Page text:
Barlow developer revises plan for Sebastopol hotel

The Barlow developer Barney Aldridge is moving forward with revised plans for a 90-room boutique hotel at his artisanal commercial center in Sebastopol, though it will be at least two years before the inn and spa could be ready to accommodate lodgers, he said.

Forced back to the drawing board because of shortcomings in his previous plan for mitigating flood risks to ground-floor guest rooms, Aldridge has developed a new proposal for another location within The Barlow: the current site of Guayaki Yerba Mate, the beverage maker, on Highway 12.

But the new strategy will require some deft maneuvering because of Guayaki’s long-term lease, on which the company still has six more years. Aldridge said his new Hotel Barlow plan depends on finding suitable alternate digs for Guayaki, though he and company officials already are evaluating “several good options.”

“They’re some of our favorite people, so we’re working directly with them while we’re going through the entitlement process,” he said.

The Barlow, most of which opened for business two years ago, was built and designed around an old apple-processing plant that had fallen into disuse just off the edge of downtown Sebastopol. The 12.6-acre development includes about 50 food, beverage, production and retail tenants in 18 buildings with rustic, barnlike features intended to reflect the region’s agricultural traditions.

The project already was in construction when Aldridge and his partners determined that a hotel would fit into the evolving mixture of tenants.

He has since joined up with the Palisades Hospitality Group, operators of the El Dorado Hotel in Sonoma, the North Block Hotel in Yountville and the Solage brand of “modern luxury” hotels, including one in Calistoga. The Palisades group would operate the Hotel Barlow, as well.

But original plans for retooling three buildings in The Barlow for guest accommodations, a pool, event center, lobby, restaurant and bar ran into trouble with the city planning department. The entire project, located just west of the Laguna de Santa Rosa, is in a flood zone; but flood-protection measures deemed sufficient for base-floor commercial uses were not adequate for the newly proposed hotel use, which is classified “residential” under the state building code, Aldridge and city Planning Director Kenyon Webster said.

Structures containing ground-floor guest rooms either needed to be elevated, or the developers needed to work out some secondary flood protection strategy that was satisfactory, Webster said.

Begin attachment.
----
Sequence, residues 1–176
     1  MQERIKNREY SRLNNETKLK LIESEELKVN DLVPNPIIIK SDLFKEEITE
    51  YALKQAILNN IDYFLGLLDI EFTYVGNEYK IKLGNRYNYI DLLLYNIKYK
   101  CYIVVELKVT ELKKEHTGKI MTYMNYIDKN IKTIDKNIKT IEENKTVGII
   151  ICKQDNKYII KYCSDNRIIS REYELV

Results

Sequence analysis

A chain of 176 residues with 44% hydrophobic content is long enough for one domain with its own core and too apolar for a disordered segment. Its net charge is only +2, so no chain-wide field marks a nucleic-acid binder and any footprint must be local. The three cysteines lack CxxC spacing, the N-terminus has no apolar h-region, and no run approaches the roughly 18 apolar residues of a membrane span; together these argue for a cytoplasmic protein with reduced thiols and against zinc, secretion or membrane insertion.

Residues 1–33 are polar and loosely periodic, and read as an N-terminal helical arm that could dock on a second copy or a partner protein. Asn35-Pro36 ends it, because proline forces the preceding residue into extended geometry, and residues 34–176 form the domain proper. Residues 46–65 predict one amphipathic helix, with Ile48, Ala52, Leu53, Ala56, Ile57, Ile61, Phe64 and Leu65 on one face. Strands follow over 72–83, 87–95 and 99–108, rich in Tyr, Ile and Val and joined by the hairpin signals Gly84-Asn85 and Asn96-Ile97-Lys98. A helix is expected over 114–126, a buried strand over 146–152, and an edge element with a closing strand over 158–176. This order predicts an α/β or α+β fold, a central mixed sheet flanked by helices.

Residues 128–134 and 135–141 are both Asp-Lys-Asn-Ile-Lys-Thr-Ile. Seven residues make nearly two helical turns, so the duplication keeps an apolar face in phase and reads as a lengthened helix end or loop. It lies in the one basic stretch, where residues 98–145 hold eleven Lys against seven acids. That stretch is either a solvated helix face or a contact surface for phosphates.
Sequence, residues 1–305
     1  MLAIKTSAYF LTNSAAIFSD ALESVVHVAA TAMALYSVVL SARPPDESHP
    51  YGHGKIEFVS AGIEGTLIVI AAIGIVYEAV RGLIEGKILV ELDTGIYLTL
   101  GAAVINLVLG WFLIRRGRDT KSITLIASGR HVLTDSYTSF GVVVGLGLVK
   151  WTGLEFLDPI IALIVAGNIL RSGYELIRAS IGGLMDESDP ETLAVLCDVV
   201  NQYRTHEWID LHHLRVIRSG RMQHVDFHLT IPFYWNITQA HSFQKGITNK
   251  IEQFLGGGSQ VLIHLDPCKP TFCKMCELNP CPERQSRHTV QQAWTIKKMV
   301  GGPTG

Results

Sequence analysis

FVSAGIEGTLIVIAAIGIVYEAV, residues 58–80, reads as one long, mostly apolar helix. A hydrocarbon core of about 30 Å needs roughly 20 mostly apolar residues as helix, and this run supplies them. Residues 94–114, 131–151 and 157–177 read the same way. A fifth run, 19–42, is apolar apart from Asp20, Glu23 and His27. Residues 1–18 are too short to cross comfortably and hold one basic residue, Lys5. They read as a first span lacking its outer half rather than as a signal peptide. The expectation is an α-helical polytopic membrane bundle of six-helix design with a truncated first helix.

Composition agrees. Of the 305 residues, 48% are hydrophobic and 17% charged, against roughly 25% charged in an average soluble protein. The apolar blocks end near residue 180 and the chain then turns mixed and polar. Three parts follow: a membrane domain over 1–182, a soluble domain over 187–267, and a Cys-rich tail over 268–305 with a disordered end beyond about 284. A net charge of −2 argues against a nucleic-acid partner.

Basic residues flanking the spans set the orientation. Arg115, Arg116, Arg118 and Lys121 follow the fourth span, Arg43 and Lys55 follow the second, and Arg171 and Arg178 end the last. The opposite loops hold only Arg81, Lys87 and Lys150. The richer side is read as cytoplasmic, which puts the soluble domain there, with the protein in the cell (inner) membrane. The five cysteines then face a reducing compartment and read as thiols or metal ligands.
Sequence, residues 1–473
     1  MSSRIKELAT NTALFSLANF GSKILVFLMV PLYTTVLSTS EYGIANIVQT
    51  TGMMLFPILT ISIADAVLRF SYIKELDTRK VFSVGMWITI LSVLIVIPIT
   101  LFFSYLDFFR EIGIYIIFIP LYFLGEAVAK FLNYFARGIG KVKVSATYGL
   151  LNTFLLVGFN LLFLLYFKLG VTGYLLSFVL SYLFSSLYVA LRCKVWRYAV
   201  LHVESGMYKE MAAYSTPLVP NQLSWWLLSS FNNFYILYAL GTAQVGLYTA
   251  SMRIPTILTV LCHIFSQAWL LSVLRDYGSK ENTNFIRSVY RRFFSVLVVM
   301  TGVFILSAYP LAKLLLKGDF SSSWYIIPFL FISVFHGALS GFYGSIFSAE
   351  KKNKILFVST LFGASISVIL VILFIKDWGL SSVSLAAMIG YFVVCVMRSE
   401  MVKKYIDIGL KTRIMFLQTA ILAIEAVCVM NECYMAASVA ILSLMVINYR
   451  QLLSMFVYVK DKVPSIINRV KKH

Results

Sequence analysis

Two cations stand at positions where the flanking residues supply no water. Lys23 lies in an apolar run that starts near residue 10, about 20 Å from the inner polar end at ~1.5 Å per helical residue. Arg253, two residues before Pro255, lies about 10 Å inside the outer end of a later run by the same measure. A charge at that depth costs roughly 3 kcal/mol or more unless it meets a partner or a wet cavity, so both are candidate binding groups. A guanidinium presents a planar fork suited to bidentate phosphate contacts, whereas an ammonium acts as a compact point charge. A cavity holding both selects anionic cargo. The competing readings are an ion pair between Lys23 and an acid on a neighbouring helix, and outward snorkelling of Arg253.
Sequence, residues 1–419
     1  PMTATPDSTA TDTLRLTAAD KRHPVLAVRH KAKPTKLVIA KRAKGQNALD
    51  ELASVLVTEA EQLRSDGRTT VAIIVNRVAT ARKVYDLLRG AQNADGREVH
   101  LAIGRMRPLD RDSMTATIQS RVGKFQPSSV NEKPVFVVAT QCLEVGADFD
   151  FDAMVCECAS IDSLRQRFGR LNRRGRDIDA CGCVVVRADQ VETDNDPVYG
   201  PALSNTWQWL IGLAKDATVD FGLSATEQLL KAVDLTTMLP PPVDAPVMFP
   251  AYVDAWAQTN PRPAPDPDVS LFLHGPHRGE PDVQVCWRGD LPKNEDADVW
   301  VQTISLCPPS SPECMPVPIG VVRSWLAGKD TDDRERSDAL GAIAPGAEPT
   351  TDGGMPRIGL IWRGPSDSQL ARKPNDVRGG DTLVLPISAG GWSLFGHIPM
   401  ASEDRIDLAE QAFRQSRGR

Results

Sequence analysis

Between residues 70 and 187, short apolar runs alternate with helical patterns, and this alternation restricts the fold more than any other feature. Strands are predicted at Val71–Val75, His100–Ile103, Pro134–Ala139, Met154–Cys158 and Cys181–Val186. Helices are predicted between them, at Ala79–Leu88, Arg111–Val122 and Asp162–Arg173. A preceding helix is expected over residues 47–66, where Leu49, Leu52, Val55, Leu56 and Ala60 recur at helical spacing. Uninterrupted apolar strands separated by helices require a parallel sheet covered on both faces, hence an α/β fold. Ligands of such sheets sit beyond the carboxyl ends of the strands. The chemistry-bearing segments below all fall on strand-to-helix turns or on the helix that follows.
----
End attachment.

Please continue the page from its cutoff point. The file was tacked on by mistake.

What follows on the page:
Efforts to expand on the existing flood protection system still were underway when the developers decided not to proceed with their initial plan.

Aldridge said the aging building Guayaki occupied when he first bought the property in 2007 could use a makeover, anyway.

As long as he is going to spend millions of dollars to build a hotel, he said, it makes more sense to invest it where the work is needed anyway, rather than to renovate three new structures as would have been required under his original plan.

The newly proposed hotel site “is the one building that really needs attention,” Aldridge said. “It’s the one building we didn’t renovate.”

At the same time, there were tenants interested in the spaces that had originally been earmarked for the hotel. Newcomers include a farm-to-table Mexican eatery called Cinco, which is expected to open next year in a front building that had been planned for the Hotel Barlow lobby, bar and restaurant.

The back half of the Community Market building, where Aldridge had planned hotel guest rooms, is being retooled for barrel storage by Kosta Browne Winery, which already occupies space at The Barlow.

Aldridge also has leased part of another building that had been earmarked for the hotel. It will now be used for production and sale of handmade children’s clothing by a company called Little Foreign Friends.

The new hotel plan, completed a few weeks ago, calls for a trio of three-story buildings to be built where the Guayaki building stands now.

A second tenant, Wolford Glassblowing Co., also has space in the building, though its lease is up next June and a new space at The Barlow already has been found for it.

Guayaki’s future location remains in question, though Aldridge expressed certainty the matter would be resolved to everyone’s satisfaction.

Aldridge said he is planning to submit an application to the city in about two weeks seeking to transfer his hotel use permit from the previous site to the newly identified one.

Webster said planning staff would need to evaluate whether the change in location would have any additional environmental impacts, like traffic, that would need to be examined, and then the permit transfer would go to a vote of the city Planning Commission.

Aldridge said he would be working, meanwhile, to find new space for Guayaki and would advance the hotel project only with the drink company’s blessings.

Chris Mann, chief executive of Guayaki, said the fast-growing company expected to outgrow its existing space by the time its lease is up and, thus, would be looking at a move then in any case. But company officials also love being part of The Barlow and near downtown, he said, and they have specific needs a new building would have to meet.

“Our intention isn’t to hold up the hotel, but our intention isn’t to move until there’s another good option for us,” Mann said.

You can reach Staff Writer Mary Callahan at 521-5249 or On Twitter @MaryCallahanB.

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